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Ironhead Sportster Motorcycle Talk (1957-1985) For all those that wanna talk about Ironhead Sportster Motorcycles

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  #801  
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Found some old S&S instructions in ebay listings.

This one shows 1" spacer when used with Sportster manifold:


This one says that the 1" spacer is needed for magneto equipped Sportsters:


I may try the 1" spacer if I have appropriate bolts, though I don't have any clearance problem with the magneto since I have taller cylinders and stroker plates.
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  #802  
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Well you know what they say about the word "assume".

Trust me , it's a plenum. There's no size limit on the definition of a plenum.

I don't know who Denish is but publishing information does not make it correct.

So if you believe it's still tunable ,which cylinder are you tuning it for since the firing order is uneven? Front or rear ,you can't do both. So which gives the greatest benefit in your experience?

The reason spacers work , and they do work, has to do with what we refer to as air quality. In the airflow world there is air quantity and there's air quality.

When an air stream encounters a throttle plate and shaft it is torn into 2 separate air streams that will then have to merge back together after passing the object. This creates a lot of turbulence. It's of great help to this column of air if it has a chance to get re-established as a single non-turbulent column before being asked to deal with the next task , turning a 45 degree corner .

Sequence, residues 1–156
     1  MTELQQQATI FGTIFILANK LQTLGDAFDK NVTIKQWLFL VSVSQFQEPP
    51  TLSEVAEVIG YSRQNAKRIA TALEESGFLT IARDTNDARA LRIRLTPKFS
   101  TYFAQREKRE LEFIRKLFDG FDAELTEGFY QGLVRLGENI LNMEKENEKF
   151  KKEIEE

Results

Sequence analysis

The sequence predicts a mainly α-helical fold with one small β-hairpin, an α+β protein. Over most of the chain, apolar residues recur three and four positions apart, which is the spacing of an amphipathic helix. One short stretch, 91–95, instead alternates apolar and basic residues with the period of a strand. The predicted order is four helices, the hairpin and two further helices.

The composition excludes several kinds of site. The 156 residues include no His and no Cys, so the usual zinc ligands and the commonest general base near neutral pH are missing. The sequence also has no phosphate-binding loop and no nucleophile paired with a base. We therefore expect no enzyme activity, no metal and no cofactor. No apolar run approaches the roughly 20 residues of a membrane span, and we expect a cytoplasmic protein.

The spacer just provides a little extra distance for that to happen.

A flow bench will clearly show a 5cfm increase with a 1" spacer on every configuration of ironhead port I have ever tested. A stream of smoke flowing through the port makes it very visible what is happening. No theory necessary.

I have made insulating spacers for street bikes but couldn't tell any difference between them and aluminum and never bothered measuring actual carb temps.
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Denish actually gives a graph of intake manifold pressures showing definite waves of pressure inside. So I guess it's possible some effect is still there. He discusses using different harmonics of the pulse as well.
I have a mate, Trevor Liversidge, who designs racing two-stroke exhaust systems. He also designs violins. I can't completely understand his theories on these things but what I do know is that his deigns work better than anyone else.
But I have always believed the effect is really only fully realized with WOT at one specific RPM/ Smooth bore carburetors also help here I know.

In practical terms what most people use is what physically fits. A 28 inch long intake tract is not really practical on a bike. On my sidecar I can't run a spacer as the carb would foul the top frame rail.